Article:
Many Grandparents Who Care For Grandchildren Struggle To Make Ends Meet
Thursday, June 20, 2013
California Grandparents who raise their grandchildren may be among the most economically vulnerable people in California – a new report reveals the state's high cost of living puts these older adults in a tough spot.
Many grandparents in California who have custody of their grandchildren don't have the income to meet their basic needs, according to a new report from UCLA.
Shearl Lambert of San Diego, and her husband are bringing up three grandchildren ages 10, 14 and 15. Lambert also still has a job.
"Well, it's very tough, because we actually don't make ends meet," Lambert said. "We just barely make it. You know, we just – by the grace of God, you know – we just barely make it. It's a struggle every day."
The Lamberts are among the more than 300,000 Californians who raise their grandchildren. New research from the UCLA Center for Health Policy Research indicates the task is challenging. More than half of those grandparents over the age of 65 don't have enough income to meet the most basic needs of their grandchildren, the report showed.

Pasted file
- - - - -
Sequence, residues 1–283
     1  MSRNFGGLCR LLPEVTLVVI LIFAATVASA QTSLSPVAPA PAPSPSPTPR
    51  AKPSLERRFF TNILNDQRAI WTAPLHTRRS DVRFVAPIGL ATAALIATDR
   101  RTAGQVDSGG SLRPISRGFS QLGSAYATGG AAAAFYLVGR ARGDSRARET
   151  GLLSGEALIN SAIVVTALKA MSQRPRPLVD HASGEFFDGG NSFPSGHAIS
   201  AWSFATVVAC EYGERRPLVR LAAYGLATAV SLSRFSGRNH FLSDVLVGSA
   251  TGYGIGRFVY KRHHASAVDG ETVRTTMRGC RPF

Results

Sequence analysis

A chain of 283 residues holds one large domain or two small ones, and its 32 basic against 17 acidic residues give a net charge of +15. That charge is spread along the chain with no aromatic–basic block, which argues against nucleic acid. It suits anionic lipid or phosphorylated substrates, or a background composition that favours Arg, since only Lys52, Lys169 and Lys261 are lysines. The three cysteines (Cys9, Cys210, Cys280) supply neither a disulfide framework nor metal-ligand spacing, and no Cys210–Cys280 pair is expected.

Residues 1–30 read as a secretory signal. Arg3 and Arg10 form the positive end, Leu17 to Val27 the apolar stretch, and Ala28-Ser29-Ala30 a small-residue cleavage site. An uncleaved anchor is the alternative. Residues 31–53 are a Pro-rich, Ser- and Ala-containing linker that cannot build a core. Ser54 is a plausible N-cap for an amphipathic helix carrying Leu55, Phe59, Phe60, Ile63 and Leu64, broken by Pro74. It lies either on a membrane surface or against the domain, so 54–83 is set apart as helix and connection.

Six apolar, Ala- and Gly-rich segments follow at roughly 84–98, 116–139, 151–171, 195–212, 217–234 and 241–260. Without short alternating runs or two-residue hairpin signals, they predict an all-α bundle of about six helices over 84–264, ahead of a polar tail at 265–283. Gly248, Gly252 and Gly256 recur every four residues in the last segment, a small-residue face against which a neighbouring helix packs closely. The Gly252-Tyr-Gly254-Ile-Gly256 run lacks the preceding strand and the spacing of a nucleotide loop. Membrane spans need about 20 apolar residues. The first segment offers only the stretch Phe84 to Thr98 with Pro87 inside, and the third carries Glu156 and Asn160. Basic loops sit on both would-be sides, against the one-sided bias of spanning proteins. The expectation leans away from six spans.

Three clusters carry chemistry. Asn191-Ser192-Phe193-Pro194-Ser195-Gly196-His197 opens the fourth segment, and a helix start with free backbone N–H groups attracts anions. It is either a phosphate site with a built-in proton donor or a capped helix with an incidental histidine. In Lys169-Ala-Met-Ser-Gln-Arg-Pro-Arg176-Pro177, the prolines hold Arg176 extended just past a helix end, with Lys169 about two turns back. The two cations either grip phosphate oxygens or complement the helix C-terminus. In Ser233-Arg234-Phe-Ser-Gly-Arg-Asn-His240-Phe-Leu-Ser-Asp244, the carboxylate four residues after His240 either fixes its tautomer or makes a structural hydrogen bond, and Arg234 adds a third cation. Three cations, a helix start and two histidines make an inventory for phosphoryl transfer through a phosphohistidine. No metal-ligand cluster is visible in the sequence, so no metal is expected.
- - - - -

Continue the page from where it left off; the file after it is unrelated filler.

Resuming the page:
UCLA's Dr. Steven Wallace co-wrote the report. He said the federal government estimates the cost of living for a family of three is $18,500.
"Now in San Diego, between the cost of housing, and then you add in food, healthcare for the seniors – we calculate you need closer to $40,000 to have a basic standard of living," Wallace pointed out.
While there are public assistance programs available, each one has different rules and regulations. Wallace suggested these programs should have a single point of entry and said communities need to improve access to affordable housing designed for seniors with children.
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